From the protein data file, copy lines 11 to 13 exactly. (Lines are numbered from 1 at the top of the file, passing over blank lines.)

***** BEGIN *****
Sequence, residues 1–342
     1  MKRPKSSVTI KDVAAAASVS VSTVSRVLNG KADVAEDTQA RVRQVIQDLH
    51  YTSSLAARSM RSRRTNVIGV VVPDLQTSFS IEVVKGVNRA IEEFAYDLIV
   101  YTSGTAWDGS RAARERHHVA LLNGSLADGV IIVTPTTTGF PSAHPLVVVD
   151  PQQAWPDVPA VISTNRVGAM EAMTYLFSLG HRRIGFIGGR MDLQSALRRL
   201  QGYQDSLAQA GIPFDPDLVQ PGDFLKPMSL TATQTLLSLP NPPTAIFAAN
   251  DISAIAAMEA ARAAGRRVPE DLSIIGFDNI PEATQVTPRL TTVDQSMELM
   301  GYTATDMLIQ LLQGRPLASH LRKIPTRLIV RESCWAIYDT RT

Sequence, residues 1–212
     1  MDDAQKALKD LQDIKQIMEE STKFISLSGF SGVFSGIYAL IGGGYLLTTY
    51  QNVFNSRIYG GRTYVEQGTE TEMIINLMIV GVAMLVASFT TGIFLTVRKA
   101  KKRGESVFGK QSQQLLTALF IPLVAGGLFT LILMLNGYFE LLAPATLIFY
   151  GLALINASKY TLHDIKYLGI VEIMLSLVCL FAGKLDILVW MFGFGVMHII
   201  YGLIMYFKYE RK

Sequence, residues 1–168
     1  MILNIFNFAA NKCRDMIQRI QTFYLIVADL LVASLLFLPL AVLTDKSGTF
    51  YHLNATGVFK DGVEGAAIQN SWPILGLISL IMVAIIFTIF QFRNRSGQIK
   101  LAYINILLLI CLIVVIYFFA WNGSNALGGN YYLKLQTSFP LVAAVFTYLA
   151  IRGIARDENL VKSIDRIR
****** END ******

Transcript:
    51  QNVFNSRIYG GRTYVEQGTE TEMIINLMIV GVAMLVASFT TGIFLTVRKA
   101  KKRGESVFGK QSQQLLTALF IPLVAGGLFT LILMLNGYFE LLAPATLIFY
   151  GLALINASKY TLHDIKYLGI VEIMLSLVCL FAGKLDILVW MFGFGVMHII